You would then pay the 5% commission to the exchange and thus get £19.48 back, losing 52p. Given we have said cash out might cost you between 5% and 10%, or between £1 and £2, this is clearly a good result. However, it requires a little more effort and knowledge as you would have to calculate the optimal lay value based on the odds and commission, whilst also using another site (the betting exchange).
In addition, there is no guarantee that laying the bet in this way would be the best approach as your returns would depend on the odds at the exchange. Let us, for example, assume that Djokovic was not evens (2.0) at the exchange, but was instead 6/5 (2.2), prices that are perfectly reasonable. In this situation you would lay him for the smaller amount of £18.60, which would mean a loss of £2.33 irrespective of the tournament’s outcome, meaning that there is a good chance the bookie cash out would be less costly.
One final option is similar to laying your bet at an exchange and is called Dutching. This betting technique is named after Dutch Schultz (real name Arthur Flegenheimer but Dutch Schultz sounds a whole lot cooler and is more befitting of a prohibition-era US mobster) who is thought to have pioneered it.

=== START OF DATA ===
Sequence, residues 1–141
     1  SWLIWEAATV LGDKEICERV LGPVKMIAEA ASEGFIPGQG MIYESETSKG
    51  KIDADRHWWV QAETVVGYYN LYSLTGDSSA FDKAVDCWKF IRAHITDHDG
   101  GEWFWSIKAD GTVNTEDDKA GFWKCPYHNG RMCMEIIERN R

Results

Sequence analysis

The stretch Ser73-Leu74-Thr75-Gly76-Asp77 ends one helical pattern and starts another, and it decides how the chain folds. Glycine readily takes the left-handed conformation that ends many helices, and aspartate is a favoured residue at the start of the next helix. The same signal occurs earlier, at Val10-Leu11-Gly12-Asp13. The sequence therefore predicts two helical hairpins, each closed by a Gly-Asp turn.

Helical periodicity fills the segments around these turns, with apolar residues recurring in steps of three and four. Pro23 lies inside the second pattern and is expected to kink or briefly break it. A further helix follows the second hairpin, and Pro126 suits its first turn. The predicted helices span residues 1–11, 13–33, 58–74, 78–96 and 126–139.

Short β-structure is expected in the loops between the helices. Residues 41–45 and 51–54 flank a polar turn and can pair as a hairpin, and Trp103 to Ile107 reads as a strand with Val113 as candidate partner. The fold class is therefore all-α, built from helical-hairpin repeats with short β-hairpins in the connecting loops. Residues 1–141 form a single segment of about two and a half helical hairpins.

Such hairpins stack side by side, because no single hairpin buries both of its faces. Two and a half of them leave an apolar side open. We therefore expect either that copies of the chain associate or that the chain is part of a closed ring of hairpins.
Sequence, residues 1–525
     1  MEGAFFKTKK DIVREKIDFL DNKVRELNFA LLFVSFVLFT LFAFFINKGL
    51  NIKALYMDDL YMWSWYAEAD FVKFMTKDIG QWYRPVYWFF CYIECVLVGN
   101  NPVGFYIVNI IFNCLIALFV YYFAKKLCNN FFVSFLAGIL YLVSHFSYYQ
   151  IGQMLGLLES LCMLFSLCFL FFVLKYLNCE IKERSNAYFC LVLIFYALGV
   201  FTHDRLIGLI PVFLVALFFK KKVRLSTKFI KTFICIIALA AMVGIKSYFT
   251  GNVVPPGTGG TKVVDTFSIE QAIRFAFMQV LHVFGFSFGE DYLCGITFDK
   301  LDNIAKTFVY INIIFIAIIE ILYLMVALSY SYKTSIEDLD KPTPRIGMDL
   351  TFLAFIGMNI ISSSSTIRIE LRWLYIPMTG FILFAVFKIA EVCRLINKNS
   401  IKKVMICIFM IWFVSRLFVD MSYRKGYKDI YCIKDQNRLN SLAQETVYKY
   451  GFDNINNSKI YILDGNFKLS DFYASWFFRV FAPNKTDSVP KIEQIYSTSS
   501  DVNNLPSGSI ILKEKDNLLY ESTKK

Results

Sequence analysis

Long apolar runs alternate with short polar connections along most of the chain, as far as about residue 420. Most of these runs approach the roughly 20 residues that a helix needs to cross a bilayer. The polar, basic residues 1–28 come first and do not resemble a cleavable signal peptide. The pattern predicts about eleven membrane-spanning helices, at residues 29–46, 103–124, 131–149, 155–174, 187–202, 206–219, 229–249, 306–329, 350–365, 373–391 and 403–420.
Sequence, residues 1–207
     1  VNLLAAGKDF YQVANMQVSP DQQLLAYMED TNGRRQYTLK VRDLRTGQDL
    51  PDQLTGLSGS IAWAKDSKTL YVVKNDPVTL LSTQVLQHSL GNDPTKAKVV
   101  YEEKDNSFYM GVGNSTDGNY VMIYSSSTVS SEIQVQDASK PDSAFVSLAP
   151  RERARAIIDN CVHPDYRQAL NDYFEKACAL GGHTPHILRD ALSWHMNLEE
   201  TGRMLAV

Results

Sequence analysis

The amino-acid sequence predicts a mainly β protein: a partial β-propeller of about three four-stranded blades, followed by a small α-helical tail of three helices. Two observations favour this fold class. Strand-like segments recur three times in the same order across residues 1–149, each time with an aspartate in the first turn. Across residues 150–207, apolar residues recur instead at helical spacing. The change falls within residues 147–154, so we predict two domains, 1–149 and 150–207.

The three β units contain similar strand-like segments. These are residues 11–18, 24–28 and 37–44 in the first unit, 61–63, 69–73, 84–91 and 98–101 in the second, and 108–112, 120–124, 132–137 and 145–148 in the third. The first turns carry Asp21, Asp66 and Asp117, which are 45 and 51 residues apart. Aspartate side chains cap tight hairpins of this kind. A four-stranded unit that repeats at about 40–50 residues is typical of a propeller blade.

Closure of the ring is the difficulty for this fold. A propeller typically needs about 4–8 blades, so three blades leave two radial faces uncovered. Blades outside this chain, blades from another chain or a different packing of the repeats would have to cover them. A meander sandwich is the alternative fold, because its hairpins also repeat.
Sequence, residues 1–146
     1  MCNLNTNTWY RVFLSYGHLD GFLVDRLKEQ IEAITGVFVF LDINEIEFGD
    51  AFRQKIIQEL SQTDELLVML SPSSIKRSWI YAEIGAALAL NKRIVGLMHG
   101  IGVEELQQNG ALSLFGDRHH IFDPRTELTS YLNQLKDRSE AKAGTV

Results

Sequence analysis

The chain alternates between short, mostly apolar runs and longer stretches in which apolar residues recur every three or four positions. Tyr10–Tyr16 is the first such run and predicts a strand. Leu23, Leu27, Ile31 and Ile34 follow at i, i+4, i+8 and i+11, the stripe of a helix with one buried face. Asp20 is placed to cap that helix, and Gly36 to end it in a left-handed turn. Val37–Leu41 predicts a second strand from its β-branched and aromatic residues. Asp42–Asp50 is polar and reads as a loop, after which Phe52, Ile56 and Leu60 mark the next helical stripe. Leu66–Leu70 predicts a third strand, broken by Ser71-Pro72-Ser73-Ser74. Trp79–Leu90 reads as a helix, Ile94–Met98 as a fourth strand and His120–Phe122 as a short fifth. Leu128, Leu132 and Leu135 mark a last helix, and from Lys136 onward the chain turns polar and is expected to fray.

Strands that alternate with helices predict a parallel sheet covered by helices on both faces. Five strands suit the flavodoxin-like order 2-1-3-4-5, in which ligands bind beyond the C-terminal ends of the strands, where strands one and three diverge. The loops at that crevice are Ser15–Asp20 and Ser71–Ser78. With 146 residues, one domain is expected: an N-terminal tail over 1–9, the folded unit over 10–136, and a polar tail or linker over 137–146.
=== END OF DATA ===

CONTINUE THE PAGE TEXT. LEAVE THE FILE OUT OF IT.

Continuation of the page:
Dutching involves backing all the options in a race or contest and occasionally can be done in such a way as to guarantee a profit (exploiting odds differences between multiple bookies). However, let us consider now how it might be used to “cancel” or “alter” a bet that you didn’t want to make but that your bookie is refusing to change.
Whilst theoretically Dutching can be done on any market it works best in one with fewer runners. So Dutching against Djokovic would be tricky as, in theory at least, you would need to back 127 other players, calculating an individual optimal stake for each! However, let us consider a bet on the FA Cup final where you backed Man City to lift the trophy at odds of 4/5 for £55 when instead you have decided that backing both teams to score is the bet you would rather make.
In the market you have used there are just two options, City to lift the FA Cup or the other team (let’s say Manchester United) to do so. In order to get out of your bet with as much of your £100 intact as possible (thus allowing you to then back BTTS), you shop around and find that another bookmaker has priced the Red Devils at 6/5 to take glory.
If you bet £45 at 6/5 on United, then overall, whichever of the Manchester rivals wins the FA Cup, your total returns will be £99. Effectively, you have cashed out the bet but rather than it costing you up to £10, it has cost you just £1. You can then back BTTS… and just pray that the game doesn’t end 2-0 to City!